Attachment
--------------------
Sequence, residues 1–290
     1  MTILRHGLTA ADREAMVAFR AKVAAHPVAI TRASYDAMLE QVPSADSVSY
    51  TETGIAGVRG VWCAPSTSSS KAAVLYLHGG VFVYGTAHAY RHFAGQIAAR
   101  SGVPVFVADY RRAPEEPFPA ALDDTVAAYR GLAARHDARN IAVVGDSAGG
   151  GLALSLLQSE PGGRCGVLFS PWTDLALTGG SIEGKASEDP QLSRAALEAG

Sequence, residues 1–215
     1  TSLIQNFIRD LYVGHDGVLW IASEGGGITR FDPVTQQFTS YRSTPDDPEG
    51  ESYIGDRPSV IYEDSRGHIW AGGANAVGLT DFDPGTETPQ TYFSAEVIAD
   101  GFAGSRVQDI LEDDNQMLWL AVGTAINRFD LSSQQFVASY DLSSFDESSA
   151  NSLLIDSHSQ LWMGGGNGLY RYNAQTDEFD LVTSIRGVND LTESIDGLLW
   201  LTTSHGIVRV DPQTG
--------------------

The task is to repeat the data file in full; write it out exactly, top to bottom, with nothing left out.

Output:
Sequence, residues 1–290
     1  MTILRHGLTA ADREAMVAFR AKVAAHPVAI TRASYDAMLE QVPSADSVSY
    51  TETGIAGVRG VWCAPSTSSS KAAVLYLHGG VFVYGTAHAY RHFAGQIAAR
   101  SGVPVFVADY RRAPEEPFPA ALDDTVAAYR GLAARHDARN IAVVGDSAGG
   151  GLALSLLQSE PGGRCGVLFS PWTDLALTGG SIEGKASEDP QLSRAALEAG

Sequence, residues 1–215
     1  TSLIQNFIRD LYVGHDGVLW IASEGGGITR FDPVTQQFTS YRSTPDDPEG
    51  ESYIGDRPSV IYEDSRGHIW AGGANAVGLT DFDPGTETPQ TYFSAEVIAD
   101  GFAGSRVQDI LEDDNQMLWL AVGTAINRFD LSSQQFVASY DLSSFDESSA
   151  NSLLIDSHSQ LWMGGGNGLY RYNAQTDEFD LVTSIRGVND LTESIDGLLW
   201  LTTSHGIVRV DPQTG